After several years of intense negotiations, the ruling Democratic Party of Japan was able to push through a bill that will raise the Japanese consumption tax from its current level of 5% to 8% in 2014, with a further increase to 10% a couple of years later. While I’m no fan of paying more taxes, I believe that something needs to be done to improve Japan’s financial situation, already in bad straights and now needing to pay for the recovery of Tohoku after last year’s earthquakes and tsunamis. The other day I caught an interesting show in which Japanese director Beat Takeshi lead a round-table discussion featuring politicians, writers and other smart people as they debated the financial issues Japan faced going forward, including the crisis of people not making their National Pension payments. Japan has two pension systems, “Social Insurance” (shakai hoken) for employees at larger companies, and National Pension (kokumin nenkin) for workers at smaller companies and self-employed. In one of the biggest blunders by a modern government ever, employees covered under the National Pension system are “required” to make their pension payments…but since the money is not deducted by employers like Social Security is in the U.S. and there’s no actual enforcement for non-payment, a full 41% of Japanese who should be making their pension payments are not. This is a crisis not only for the individuals in question but also for Japan at large. I hope they can come up with some good solutions.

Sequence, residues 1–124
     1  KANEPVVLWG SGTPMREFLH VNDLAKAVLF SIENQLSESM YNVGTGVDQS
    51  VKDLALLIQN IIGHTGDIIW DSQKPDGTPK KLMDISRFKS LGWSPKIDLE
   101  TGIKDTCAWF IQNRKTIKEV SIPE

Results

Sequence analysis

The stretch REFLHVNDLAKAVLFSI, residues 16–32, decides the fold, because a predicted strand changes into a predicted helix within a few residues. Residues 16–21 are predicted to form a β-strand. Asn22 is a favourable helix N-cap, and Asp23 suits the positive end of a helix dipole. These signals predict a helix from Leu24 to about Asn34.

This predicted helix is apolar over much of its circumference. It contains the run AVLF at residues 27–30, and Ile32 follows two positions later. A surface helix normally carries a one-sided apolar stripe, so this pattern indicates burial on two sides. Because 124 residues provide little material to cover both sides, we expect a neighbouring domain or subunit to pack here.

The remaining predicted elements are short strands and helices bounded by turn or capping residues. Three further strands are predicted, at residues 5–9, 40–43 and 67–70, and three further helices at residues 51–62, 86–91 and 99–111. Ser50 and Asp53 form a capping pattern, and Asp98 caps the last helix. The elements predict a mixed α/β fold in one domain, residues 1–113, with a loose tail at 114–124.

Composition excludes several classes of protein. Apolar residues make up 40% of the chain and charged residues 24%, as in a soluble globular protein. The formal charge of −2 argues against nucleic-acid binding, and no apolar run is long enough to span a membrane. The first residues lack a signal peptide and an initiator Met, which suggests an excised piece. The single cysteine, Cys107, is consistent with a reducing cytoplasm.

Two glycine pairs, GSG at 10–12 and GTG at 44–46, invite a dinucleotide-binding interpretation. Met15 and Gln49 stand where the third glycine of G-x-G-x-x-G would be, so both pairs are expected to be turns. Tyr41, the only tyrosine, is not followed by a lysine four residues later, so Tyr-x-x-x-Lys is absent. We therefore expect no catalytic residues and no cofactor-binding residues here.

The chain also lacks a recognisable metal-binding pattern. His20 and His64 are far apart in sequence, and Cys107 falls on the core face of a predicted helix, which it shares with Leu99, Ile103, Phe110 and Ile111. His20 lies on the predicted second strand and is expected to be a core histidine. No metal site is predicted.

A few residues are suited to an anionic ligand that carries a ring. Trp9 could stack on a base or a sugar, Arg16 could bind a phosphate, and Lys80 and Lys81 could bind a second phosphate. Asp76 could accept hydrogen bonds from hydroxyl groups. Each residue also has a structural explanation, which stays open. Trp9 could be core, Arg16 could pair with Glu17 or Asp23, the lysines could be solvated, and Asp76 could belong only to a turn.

Japan is trying to fix its National Pension system with attractive graphics like this.